The pharmacokinetic profiles of bendamustine and active metabolites were defined in patients with rituximab-refractory, relapsed indolent B-cell non-Hodgkin’s lymphoma, and supported understanding of exposure-response relationships for efficacy and safety.
Bendamustine was administered as a 60-min 120 mg/m(2) intravenous infusion on days 1 and 2 of six 21-day cycles. Pharmacokinetic models were developed, with covariate assessment. Correlations between bendamustine exposure and responder status or occurrence of neutropenia, thrombocytopenia, fatigue, nausea, and vomiting were examined.
Following a single dose of bendamustine HCl, concentrations declined in a triphasic manner, with rapid distribution, intermediate, and slow terminal phases. The intermediate t (1/2) (40 min) was considered the pharmacologically relevant (beta elimination) t (1/2) since the initial phases accounted for 99% of the AUC. Age, sex, mild/moderate renal, or mild liver impairment did not alter pharmacokinetics. Metabolite concentrations were low relative to parent. No correlation was observed between exposure and safety or efficacy measures because of the limited range of exposures after 120 mg/m(2) administration, except bendamustine C (max) was a significant (P value = 0.013) predictor of the probability of nausea in patients, most of whom were pretreated with antiemetics.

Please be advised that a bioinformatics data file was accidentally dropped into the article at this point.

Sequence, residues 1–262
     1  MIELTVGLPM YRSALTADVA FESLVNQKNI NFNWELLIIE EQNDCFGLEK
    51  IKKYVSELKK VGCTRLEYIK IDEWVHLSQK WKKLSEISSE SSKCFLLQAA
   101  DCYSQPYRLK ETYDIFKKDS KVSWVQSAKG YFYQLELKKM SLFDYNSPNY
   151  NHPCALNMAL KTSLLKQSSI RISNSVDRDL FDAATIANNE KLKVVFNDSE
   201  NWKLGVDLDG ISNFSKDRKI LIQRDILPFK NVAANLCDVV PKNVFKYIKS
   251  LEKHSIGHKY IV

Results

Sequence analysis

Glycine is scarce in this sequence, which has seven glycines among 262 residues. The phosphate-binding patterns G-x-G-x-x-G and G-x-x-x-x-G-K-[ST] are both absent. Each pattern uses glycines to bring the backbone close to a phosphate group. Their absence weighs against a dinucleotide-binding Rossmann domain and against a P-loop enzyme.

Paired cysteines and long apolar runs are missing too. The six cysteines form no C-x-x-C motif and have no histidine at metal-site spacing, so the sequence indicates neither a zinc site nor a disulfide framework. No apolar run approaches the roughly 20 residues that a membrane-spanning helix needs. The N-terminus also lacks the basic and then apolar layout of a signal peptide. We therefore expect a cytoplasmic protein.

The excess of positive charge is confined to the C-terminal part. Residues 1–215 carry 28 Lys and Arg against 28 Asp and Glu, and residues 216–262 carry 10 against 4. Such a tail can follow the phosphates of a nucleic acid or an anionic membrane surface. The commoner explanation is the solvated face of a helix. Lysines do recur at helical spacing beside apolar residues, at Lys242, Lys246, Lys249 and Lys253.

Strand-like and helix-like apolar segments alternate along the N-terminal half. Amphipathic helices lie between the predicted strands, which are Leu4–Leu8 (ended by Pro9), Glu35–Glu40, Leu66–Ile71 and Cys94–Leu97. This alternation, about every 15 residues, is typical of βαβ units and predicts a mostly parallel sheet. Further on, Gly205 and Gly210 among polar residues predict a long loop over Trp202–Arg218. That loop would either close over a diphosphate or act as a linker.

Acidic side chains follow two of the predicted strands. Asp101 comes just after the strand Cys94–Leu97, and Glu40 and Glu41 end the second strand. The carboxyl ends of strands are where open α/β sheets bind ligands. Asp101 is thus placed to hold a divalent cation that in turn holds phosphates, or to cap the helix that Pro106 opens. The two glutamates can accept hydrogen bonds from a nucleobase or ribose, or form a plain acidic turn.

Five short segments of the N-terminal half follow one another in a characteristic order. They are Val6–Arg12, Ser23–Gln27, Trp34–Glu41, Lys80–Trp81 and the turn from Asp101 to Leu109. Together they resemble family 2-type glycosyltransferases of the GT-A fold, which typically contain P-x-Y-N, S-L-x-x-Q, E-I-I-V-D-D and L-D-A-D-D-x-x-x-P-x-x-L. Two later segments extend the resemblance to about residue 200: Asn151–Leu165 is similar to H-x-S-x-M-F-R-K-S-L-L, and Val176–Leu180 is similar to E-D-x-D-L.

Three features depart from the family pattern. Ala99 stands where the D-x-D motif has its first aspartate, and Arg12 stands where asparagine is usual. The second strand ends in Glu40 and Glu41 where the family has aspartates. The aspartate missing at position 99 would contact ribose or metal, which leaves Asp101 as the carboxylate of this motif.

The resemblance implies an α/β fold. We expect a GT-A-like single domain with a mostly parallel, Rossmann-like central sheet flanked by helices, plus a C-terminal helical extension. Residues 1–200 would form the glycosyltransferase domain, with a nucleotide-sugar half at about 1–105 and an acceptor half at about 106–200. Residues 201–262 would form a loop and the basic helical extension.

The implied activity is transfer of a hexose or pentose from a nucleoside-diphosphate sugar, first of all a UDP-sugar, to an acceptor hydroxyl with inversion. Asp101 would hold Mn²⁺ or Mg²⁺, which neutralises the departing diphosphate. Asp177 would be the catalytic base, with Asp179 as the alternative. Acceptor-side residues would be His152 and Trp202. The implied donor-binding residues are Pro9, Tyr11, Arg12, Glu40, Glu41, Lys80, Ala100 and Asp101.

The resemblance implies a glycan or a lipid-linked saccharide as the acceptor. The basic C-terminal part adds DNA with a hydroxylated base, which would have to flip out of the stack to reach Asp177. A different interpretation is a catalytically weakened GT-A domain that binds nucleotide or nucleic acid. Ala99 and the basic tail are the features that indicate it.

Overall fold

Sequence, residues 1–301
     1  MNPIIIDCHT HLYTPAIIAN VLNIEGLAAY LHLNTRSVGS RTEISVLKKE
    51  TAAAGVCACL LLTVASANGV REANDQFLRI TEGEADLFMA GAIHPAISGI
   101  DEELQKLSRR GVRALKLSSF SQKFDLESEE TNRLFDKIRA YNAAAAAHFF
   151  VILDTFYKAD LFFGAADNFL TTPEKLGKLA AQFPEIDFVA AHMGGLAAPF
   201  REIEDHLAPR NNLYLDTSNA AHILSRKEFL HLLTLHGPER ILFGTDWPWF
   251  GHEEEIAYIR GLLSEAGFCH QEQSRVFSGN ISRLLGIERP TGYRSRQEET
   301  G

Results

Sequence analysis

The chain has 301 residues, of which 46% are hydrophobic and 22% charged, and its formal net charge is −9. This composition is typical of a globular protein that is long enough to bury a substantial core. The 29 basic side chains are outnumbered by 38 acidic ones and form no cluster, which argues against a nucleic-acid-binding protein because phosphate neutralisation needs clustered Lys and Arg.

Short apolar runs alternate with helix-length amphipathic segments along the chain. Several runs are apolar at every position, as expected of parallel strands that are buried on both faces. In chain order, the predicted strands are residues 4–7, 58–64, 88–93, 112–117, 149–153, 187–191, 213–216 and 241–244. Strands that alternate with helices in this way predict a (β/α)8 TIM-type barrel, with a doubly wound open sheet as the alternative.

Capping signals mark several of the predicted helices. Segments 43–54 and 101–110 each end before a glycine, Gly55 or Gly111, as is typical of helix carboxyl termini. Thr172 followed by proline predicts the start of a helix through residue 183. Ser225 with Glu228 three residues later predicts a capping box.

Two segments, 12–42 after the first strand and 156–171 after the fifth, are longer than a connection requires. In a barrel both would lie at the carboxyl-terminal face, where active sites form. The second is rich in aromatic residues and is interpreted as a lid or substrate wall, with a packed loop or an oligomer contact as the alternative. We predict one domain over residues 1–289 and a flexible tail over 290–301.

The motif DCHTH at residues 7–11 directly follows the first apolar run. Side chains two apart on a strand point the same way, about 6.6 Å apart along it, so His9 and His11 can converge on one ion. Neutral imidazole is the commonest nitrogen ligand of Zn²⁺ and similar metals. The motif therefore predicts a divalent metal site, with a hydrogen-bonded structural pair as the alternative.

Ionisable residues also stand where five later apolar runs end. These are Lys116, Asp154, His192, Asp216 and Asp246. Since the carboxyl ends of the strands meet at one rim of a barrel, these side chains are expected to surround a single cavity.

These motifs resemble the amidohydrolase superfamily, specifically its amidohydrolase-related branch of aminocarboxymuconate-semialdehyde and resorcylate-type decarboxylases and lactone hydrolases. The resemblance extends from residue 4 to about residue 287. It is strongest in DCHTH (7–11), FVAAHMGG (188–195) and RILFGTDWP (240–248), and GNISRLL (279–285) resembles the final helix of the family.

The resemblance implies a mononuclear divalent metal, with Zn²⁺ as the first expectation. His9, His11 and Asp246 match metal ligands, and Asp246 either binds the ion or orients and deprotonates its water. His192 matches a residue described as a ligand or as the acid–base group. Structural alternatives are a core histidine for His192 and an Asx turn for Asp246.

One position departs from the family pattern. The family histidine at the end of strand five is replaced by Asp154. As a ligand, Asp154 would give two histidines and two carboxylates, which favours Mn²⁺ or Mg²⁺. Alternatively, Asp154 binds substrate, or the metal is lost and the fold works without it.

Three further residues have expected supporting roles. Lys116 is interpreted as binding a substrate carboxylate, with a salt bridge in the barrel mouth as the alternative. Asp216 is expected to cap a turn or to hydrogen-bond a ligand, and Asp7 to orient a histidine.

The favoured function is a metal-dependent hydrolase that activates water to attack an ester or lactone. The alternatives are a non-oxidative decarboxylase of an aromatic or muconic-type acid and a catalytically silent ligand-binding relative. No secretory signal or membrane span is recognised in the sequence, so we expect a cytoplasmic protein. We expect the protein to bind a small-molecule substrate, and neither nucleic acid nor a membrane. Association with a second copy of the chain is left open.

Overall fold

The BSA-based dosing regimen for bendamustine achieved the targeted exposure and was associated with a high incidence of therapeutic response. Given the short t (1/2) and low concentrations of bendamustine observed by 12 h after dosing, the single-dose profile for bendamustine described by these analyses is expected to be representative of the multiple-dose profile. The occurrence of nausea was significantly related to bendamustine exposure, with the probability of nausea increasing as bendamustine C (max) increases
By, Joel Owen, Melhem M, Julie Passarell, D’Andrea D, Darwish M, Kahl B